Friday, April 22, 2011

Machine Quilting - The Travails of an Inexperienced Quilter

I was quite pleased with this Disappearing Nine Patch patchwork top for a small quilt and I was pleased at how I was improving at getting the corner seams to match.  That was until I decided that I would have a go at machine quilting.
I prepared well.  I read reams of online written material and looked at countless online videos.  I knew it all. I considered the variables - the sewing machine, thread , needle, tensions, foot, pressures and stitch length in relation to the layered fabric I wanted to stitch.  I tried them out on a sample pieces.  All seemed well.  But I was deluding myself.  Once I got onto the real thing this is what happened.

Invisible thread - kept snapping.
The ditch in the stitch foot raced the bottom layer through at twice the speed of the top layer.
My diagonal quilting looked ghastly - the thread was all the wrong colour for stitching on top of such a variey of coloured fabrics.  I unpicked the lot.  That's when I took the above photo.

By this time I was using the Walking Foot but the tension would look OK for a moment then the tension would go haywire.  Stitch in the Ditch became Stitch somewhere in the Vicinity of the Ditch,.

Everything I did became a case of Exterminate !  Exterminate ! Unpick !  Unpick !

Last hope - Yesterday when buying some extra reels of cotton at a haberdashery the assistant said that she always used a Metallic needle for quilting so I tried that and now everything is just purring along beautifully.  I had already tried some-one else's favourite, a Denim needle and it wasn't too bad, but the Metallic one is just perfect.  It beggars belief, though.  Everything I've tried was a size 80 yet the needle designed for doing machine embroidery with metallic threads is the one that works best for me. Any problems now relate to my ability to feed the fabric along the stitching line into the walking foot.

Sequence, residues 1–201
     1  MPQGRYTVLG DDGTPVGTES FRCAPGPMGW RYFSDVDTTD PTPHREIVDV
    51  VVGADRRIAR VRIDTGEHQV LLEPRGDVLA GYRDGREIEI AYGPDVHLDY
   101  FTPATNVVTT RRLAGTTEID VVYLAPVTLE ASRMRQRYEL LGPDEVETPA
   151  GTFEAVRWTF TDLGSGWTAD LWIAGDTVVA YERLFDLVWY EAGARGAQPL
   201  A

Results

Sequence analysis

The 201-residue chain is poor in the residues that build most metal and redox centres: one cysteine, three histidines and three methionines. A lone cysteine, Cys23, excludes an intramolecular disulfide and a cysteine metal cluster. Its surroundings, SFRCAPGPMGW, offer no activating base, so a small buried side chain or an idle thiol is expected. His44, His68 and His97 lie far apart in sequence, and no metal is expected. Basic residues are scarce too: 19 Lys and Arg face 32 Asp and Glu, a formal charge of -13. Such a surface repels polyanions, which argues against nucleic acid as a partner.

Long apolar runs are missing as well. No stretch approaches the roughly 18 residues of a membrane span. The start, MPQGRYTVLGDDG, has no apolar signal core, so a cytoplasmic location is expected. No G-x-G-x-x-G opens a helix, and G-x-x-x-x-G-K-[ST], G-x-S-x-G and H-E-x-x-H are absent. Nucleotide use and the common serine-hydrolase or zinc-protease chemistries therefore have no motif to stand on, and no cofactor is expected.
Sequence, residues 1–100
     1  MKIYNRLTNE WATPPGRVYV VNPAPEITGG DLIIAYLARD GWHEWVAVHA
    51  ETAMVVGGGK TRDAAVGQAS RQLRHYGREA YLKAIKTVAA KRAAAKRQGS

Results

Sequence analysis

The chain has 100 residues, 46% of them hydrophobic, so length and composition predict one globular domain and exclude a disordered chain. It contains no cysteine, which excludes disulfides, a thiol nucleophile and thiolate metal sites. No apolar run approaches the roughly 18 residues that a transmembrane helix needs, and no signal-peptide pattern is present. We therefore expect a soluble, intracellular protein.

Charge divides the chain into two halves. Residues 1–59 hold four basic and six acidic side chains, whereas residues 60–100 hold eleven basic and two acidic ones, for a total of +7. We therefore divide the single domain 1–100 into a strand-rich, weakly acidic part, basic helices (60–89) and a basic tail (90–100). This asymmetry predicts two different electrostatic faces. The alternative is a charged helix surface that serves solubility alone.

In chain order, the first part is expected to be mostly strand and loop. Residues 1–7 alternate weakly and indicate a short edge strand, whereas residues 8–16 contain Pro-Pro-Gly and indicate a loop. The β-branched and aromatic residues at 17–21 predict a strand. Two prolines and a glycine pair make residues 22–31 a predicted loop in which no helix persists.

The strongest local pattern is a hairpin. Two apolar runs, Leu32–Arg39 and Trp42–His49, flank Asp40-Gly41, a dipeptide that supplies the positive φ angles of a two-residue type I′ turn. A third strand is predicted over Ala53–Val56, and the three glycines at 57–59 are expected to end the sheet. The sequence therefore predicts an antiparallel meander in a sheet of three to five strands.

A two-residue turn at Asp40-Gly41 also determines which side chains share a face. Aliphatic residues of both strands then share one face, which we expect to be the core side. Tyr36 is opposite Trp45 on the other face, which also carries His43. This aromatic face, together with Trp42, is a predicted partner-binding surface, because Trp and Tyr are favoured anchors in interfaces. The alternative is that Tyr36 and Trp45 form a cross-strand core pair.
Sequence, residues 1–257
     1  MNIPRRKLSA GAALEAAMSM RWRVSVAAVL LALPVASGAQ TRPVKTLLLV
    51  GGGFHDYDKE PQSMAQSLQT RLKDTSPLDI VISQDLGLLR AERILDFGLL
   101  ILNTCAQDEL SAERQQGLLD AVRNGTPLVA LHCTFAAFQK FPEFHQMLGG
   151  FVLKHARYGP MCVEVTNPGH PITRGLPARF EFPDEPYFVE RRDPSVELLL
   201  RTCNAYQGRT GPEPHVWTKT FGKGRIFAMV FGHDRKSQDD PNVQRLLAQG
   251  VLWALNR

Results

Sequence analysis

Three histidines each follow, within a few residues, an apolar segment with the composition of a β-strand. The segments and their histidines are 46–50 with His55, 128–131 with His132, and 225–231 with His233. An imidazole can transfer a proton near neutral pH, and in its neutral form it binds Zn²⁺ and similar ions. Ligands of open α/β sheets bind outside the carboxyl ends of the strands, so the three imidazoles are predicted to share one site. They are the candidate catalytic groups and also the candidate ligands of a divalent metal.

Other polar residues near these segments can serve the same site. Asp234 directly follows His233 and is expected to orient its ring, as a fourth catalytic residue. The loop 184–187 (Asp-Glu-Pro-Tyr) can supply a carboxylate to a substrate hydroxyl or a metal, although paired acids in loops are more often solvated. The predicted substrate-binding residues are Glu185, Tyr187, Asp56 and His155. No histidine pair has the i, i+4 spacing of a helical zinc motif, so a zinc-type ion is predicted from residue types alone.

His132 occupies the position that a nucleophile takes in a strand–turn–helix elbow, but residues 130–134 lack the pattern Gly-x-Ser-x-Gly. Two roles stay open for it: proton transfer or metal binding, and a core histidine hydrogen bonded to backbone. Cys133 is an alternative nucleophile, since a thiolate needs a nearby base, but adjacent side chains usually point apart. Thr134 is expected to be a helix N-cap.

At the moment it's quilted with lines 12 1/2" apart.  Next step I suppose will be to stitch in the ditch half way between these lines.  That's going to look awfully boring on the back but I don't want to tackle any stitching which involves massive amounts of rotating the quilt to stitch around smaller squares.

My machine is a few years old.  A Janome Memorycraft 3500.  All this time and we have never been on such intimate terms as we have been the last few days !


  1. Great colors in your D9P. Don't worry about a boring back. That's not what people are noticing. I am also a stitch in the ditch quilter (invisible thread on top) and found mine tangled and then snapped. There is one thread guide on my machine where I now "wrap" my thread in a small patch of fabric. That helped a lot.

  2. Metallic needles have worked for me along with quilting needles. It seems that there are general rules that can apply to machine quilting but machines, like the operators, have personalities that may break the 'rules'. What works is 'right; what doesn't is 'wrong'--for your situation. Thinking outside the box and exploring options many times leads to some interesting/creative solutions that one can share with others on these wonderful blogs! Love your quilt....cozy.

  3. Many thanks for the helpful comments. After this quilt I'll persevere with the invisible thread as I like the idea of it. I'll try and work out which part of the guide is the source of the snapping. Glad to hear other people use metallic needles. I'm still amazed at the difference it made.